ONE of the bosses of Guinness Ireland has agreed to spend Arthur’s Day night in an Accident and Emergency department.
Diageo's European Corporate Relations Director Peter O’Brien said he’d be happy to spend the evening in an A&E department this Thursday, which is Arthur’s Day.
In an interview with Jonathan Healy on Newstalk, Mr O’Brien said he would view first-hand the impact of over-drinking has on an A&E ward.
“The reality is, people make choices, and some people choose to over-drink, and they end up in A&E. And every person who ends up in A&E is a bad thing. But you can’t lay that at the store of publicans or individual companies like ourselves.”
Asked whether he felt that Arthur’s Day was becoming a stigma for Guinness, O’Brien argued that the event brings together three things - the brand of Guinness, the pub, which is an iconic part of Irish culture, and music.
He stated that the vast majority of people would enjoy all three things responsibly.
However, Arthur’s Day has been coming in for sustained criticism in recent days.
Arthur's Day is an annual event organised by Diageo to celebrate the anniversary of the Guinness brewing company.
More than 500 music events featuring over 1,000 different acts will be held across the country on Thursday. Dublin band The Script are one of the main headliners of the event.
Singer Christy Moore has been very critical of the event and has dubbed the day "Arthur’s Alcoholiday".
He has even written a song by the same name and is planning to release it as a single on Thursday.
Meanwhile, the Royal College of Physicians Ireland (RCPI) has organised a public talk this evening aimed at highlighting the adverse effects drinking alcohol can have on the body.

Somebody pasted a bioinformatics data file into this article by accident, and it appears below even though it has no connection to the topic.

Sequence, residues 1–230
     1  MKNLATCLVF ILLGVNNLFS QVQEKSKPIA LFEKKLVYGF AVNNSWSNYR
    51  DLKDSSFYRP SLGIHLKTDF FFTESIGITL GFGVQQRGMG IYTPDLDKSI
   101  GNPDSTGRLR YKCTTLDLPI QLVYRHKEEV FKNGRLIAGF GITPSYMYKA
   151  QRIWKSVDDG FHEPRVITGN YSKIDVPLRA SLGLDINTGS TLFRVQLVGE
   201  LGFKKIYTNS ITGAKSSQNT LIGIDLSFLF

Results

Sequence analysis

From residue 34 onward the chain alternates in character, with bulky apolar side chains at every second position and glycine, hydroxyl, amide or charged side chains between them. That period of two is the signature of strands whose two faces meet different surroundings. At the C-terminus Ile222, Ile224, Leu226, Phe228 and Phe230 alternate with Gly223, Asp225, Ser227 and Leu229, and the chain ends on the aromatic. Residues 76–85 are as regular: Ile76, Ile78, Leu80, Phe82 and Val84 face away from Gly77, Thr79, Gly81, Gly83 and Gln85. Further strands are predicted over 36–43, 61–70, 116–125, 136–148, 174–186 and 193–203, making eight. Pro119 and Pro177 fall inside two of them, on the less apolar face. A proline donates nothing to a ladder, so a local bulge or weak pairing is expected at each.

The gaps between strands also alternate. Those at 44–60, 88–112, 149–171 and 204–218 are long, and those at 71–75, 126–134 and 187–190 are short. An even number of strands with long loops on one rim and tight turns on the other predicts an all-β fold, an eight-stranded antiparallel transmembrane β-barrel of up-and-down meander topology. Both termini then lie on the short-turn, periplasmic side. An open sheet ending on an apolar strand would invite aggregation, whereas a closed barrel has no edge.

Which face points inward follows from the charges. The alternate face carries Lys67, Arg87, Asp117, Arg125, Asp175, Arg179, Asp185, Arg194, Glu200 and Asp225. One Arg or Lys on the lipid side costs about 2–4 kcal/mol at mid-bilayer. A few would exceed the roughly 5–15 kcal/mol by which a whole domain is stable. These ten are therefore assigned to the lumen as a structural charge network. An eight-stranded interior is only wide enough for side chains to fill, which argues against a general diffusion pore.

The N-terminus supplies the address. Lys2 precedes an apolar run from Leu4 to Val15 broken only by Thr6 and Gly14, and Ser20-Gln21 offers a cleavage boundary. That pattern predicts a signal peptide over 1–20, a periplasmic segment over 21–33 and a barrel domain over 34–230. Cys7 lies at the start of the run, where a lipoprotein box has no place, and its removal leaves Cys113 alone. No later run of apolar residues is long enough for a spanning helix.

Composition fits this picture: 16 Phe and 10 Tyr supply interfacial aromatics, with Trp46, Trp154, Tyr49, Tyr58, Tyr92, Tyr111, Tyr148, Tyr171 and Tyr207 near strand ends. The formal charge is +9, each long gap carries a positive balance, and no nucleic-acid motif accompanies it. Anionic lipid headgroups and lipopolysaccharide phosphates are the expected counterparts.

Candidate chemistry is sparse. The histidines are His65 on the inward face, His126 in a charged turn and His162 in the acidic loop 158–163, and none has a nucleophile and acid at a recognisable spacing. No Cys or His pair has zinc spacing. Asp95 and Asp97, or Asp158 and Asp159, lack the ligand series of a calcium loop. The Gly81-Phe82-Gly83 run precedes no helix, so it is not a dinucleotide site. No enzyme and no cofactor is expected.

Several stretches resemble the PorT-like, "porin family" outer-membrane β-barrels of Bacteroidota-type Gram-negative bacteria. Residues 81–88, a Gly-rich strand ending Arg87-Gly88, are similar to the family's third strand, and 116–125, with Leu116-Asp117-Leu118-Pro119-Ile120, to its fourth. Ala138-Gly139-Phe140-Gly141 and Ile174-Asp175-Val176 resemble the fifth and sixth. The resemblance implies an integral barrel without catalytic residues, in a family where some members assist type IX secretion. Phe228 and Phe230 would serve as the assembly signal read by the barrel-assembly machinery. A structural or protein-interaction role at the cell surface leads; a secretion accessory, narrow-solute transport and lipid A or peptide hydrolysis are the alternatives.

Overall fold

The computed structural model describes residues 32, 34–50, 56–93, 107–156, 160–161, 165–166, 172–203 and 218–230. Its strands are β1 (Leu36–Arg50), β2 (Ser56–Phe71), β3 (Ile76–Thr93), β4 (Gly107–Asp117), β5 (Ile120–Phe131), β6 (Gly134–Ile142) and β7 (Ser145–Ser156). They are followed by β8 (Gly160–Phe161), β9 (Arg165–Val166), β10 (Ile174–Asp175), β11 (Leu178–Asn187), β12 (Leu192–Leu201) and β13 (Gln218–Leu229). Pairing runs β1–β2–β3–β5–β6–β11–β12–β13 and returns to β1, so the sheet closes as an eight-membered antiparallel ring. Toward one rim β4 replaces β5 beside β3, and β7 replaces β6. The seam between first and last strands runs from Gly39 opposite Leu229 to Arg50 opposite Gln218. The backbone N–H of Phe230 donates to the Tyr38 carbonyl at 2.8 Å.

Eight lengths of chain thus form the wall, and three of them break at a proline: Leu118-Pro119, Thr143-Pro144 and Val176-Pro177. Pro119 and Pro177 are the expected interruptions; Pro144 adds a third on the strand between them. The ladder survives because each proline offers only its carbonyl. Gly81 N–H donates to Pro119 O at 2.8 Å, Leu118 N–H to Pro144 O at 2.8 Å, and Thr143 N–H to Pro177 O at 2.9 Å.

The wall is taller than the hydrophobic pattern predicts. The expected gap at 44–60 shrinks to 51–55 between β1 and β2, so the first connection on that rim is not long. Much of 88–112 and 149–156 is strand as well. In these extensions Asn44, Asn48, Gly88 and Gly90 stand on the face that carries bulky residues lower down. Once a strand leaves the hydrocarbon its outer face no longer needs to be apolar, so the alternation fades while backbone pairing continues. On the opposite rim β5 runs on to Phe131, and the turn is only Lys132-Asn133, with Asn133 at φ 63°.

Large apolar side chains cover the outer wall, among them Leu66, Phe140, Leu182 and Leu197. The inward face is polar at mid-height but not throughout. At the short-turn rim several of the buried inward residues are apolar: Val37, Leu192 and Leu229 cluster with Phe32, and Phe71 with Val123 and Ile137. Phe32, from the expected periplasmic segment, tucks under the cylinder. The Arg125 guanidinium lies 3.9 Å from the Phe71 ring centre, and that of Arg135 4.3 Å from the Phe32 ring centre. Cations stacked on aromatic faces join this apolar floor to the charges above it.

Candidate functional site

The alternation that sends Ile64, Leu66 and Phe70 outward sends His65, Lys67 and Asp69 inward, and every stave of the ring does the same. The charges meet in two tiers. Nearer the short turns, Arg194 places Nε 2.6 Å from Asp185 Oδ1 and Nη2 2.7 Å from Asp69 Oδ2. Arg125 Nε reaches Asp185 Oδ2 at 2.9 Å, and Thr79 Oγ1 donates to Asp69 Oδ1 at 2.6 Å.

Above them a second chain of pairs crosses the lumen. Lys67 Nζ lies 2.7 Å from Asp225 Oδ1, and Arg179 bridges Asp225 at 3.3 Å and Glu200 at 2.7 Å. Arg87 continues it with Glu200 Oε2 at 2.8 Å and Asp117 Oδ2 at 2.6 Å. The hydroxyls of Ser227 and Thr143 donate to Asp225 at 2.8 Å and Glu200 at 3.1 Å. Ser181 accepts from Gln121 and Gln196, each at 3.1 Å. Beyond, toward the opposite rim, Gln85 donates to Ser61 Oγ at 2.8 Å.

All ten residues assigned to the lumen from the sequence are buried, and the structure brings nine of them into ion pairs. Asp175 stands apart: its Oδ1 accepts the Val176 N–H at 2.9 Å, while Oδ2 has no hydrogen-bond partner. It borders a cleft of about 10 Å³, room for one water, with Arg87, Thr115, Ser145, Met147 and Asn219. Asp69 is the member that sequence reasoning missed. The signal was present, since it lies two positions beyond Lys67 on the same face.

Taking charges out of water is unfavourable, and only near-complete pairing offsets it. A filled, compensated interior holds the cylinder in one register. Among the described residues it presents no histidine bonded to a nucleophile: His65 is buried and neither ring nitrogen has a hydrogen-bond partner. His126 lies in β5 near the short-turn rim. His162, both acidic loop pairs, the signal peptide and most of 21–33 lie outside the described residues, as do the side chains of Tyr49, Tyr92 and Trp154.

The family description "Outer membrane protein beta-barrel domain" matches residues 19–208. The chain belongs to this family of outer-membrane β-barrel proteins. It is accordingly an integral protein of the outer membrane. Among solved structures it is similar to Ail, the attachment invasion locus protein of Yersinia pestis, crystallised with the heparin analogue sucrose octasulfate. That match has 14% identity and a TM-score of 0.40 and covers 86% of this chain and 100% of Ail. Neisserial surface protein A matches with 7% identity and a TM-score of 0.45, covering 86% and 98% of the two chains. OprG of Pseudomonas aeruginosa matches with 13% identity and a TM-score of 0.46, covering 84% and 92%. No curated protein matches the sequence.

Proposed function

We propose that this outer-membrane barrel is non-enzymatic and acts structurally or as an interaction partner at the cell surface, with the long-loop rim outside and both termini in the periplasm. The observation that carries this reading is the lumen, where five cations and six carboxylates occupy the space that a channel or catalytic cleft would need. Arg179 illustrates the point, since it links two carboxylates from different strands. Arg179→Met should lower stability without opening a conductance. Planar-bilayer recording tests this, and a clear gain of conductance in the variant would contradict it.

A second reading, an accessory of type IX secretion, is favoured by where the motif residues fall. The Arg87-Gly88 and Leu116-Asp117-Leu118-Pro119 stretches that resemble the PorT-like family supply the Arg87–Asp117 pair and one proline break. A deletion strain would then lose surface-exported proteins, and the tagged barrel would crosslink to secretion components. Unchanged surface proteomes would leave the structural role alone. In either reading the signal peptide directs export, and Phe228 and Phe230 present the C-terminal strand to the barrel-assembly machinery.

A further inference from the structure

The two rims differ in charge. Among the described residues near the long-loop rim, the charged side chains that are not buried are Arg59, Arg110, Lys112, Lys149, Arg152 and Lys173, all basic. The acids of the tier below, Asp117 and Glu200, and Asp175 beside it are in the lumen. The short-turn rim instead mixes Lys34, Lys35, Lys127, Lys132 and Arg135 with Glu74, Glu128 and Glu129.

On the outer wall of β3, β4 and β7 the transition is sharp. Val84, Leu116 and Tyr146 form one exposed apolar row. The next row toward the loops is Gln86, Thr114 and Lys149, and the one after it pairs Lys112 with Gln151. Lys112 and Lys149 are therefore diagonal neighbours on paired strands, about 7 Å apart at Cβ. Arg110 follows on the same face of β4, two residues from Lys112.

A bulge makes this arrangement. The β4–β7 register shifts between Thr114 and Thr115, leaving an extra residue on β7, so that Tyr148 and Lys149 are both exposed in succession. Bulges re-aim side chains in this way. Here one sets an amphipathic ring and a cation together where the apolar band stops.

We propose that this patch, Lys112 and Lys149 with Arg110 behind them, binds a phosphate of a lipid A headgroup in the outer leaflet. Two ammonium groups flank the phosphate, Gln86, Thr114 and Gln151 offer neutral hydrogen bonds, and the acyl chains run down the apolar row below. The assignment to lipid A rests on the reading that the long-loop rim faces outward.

It said that deaths related to chronic liver disease doubled between 1994 and 2008 while hospital admissions for alcoholic liver disease nearly doubled between 1995 and 2007.
Liver disease specialist Dr Stephen Stewart, who will speak at the event on Monday, said he has treated patients as young as their 30s with end-stage liver disease who were unaware they had a drinking problem.
"We have a progressively worsening relationship with alcohol in Ireland, which manifests itself in the increasing numbers of young people dying from alcohol-related illnesses," Dr Stewart said.
The doctor, who serves as director of the Liver Disease Centre in the Mater Hospital, said deaths relating to cirrhosis of the liver have doubled between 1994 and 2008, and that hospital admissions for alcoholic liver disease almost doubled between 1995 and 2007.
"Alcohol is more affordable than ever. Alcohol is more acceptable than ever. Alcohol is more available than ever," he said.
"We need measures to address this epidemic. Where does Arthur's Day fit into all of this?"